would be advantageous -- when reading /dev/random, for example,
    it would be undesirable to consume more bits than absolutely
    necessary.

    --
    Eric Sosman
    d
     
    Eric Sosman, Aug 20, 2013
    #12
  13. James Dow Allen

    Eric Sosman Guest

    On 8/20/2013 12:52 AM, James Dow Allen wrote:
    > Eric Sosman <> might have writ, in
    > news:kutrh1$c7a$:
    >
    >> ...
    >> msrand_t divisor, value;
    >> divisor = (MSRANDMAX - MSRANDMIN + 1) / limit;

    >
    > Eric, am I correct that, typically, msrand_t will be uint32_t
    > but for the code to work MSRANDMAX will be only 0x7fffffff ?


    #define MSRANDMIN 1 /* smallest value ever produced */
    #define MSRANDMAX 2147483646 /* largest value (2**31 - 2) */

    /* Define a signed integral type which can express all the generated
    * values, along with negative quantities as low as -47664652 which
    * may appear as intermediate values in the computations.
    */
    #if (INT_MIN <= -47664652 && INT_MAX >= MSRANDMAX)
    typedef int msrand_t;
    #elif (LONG_MIN <= -47664652 && LONG_MAX >= MSRANDMAX)
    typedef long msrand_t;
    #else
    /* Shouldn't happen */
    # error "No suitable integral type for msrand_t exists!"
    #endif

    In hindsight, using a signed type for msrand_t was a blunder
    on my part. The generator uses negative values internally, but
    I shouldn't have let that dictate the interface. Nowadays I
    guess uint_least31_t (!) would be a good choice -- but the choice
    was made in the days before C99.

    --
    Eric Sosman
    d
     
    Eric Sosman, Aug 20, 2013
    #13
  14. James Dow Allen

    Öö Tiib Guest

    On Monday, 19 August 2013 16:38:37 UTC+3, James Dow Allen wrote:
    > On Monday, August 19, 2013 8:19:56 PM UTC+7, Eric Sosman wrote:
    > > On 8/19/2013 12:19 AM, James Dow Allen wrote:
    > > > void rand_seed(int seed);

    > >
    > > That's not much entropy to seed a generator with lots
    > > of internal state.

    >
    > Answered in my previous post, more or less. Marsaglia's
    > or MTwister's numbers are very "random" just always one
    > of the same (up to 4 billion different) random sequences. ::whack::
    > If someone points me to a good write-up for seeding Marsaglia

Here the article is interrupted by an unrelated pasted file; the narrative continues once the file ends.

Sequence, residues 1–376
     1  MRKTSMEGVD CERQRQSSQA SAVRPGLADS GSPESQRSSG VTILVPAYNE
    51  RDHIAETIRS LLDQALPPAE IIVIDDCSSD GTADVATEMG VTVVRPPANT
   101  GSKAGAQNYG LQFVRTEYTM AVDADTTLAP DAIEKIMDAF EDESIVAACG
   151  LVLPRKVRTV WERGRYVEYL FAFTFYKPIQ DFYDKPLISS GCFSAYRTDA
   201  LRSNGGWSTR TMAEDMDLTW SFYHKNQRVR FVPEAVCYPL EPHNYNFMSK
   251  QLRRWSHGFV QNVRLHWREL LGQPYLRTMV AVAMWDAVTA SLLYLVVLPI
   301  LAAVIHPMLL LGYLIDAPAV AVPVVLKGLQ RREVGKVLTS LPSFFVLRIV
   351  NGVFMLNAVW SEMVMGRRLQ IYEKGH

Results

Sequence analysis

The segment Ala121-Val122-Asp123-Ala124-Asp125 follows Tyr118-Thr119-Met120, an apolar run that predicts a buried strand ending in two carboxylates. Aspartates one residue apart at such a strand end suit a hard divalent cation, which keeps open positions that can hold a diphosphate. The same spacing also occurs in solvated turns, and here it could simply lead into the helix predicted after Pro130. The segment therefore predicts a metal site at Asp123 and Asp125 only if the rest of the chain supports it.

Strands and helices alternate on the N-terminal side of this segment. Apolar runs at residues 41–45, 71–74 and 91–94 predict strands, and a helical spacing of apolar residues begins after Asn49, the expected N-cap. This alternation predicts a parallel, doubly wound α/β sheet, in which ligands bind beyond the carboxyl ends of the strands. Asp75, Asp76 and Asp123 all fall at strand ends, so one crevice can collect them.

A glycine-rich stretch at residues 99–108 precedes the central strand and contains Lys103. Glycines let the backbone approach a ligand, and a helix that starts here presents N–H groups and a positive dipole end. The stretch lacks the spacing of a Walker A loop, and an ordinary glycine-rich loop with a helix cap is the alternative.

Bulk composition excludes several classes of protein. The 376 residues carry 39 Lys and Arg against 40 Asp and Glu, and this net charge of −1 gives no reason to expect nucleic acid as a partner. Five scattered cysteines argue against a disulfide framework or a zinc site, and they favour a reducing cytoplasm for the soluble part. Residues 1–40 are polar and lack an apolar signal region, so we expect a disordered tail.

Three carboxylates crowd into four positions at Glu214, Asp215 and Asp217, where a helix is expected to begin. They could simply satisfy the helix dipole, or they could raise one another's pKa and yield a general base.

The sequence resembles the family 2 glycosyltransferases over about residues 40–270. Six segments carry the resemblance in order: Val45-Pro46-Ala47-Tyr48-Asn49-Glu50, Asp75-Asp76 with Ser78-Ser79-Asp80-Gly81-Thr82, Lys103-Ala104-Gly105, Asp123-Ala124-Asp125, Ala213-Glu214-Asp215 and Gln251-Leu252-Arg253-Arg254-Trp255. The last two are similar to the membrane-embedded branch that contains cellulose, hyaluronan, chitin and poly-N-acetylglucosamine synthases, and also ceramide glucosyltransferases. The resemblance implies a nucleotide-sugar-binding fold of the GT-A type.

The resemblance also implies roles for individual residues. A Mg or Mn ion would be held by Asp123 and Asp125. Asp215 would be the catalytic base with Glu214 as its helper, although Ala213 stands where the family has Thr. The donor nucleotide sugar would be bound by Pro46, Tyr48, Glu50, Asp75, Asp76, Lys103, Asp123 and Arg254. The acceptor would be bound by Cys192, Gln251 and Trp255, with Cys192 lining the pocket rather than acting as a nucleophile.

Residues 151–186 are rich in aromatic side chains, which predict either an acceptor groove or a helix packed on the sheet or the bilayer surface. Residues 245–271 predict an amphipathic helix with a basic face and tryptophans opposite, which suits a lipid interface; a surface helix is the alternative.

> *without worry that pathological case will degrade the PRNG*,
    > I will support it.
    >
    > > > /* Return random uniform 0 < x < 1 */
    > > > double rand_prob(void);

    > > That's peculiar: [0,1) is what I think most people expect.

    >
    > I want the mean value to be 0.5 exactly. (And I like symmetry.)
    > Anyway, the measure of (p==0 exactly) event would be small anyway
    > (2^-31).


    That might be very useful for cases when we want a coin flipping
    algorithm that has one coin from 2147483648 to stand on edge.
    People need such thing rarely and more often they want p<0.5 and
    p>=0.5 to have exactly equal probability (also sort of symmetry).
     
    Öö Tiib, Aug 21, 2013
    #14
  15. Öö Tiib <> might have writ, in news:70280474-0cab-45cd-89bb-e1e4c5427111
    @googlegroups.com:

    > On Monday, 19 August 2013 16:38:37 UTC+3, James Dow Allen wrote:
    >> I want the mean value to be 0.5 exactly. (And I like symmetry.)
    >> Anyway, the measure of (p==0 exactly) event would be small anyway
    >> (2^-31).

    >
    > That might be very useful for cases when we want a coin flipping
    > algorithm that has one coin from 2147483648 to stand on edge.
    > People need such thing rarely and more often they want p<0.5 and
    > p>=0.5 to have exactly equal probability (also sort of symmetry).


    FWIW, my code doesn't produce 0.5 exactly, in addition to not producing
    0 or 1 exactly. p < 0.5 and p > 0.5 do have equal probabilities regardless
    of whether or where you place the "or equal."

    What is the best way to position, say, ten samples evenly in [0,1]? I think
    {0.05, 0.15, 0.25, 0.35, 0.45, 0.55, 0.65, 0.75, 0.85, 0.95}
    is an appropriate answer. Frankly I cannot imagine why anyone would
    disagree with this! :)

    James
     
    James Dow Allen, Aug 21, 2013
    #15
  16. James Dow Allen

    Eric Sosman Guest

    On 8/21/2013 7:35 AM, James Dow Allen wrote:
    > Öö Tiib <> might have writ, in news:70280474-0cab-45cd-89bb-e1e4c5427111
    > @googlegroups.com:
    >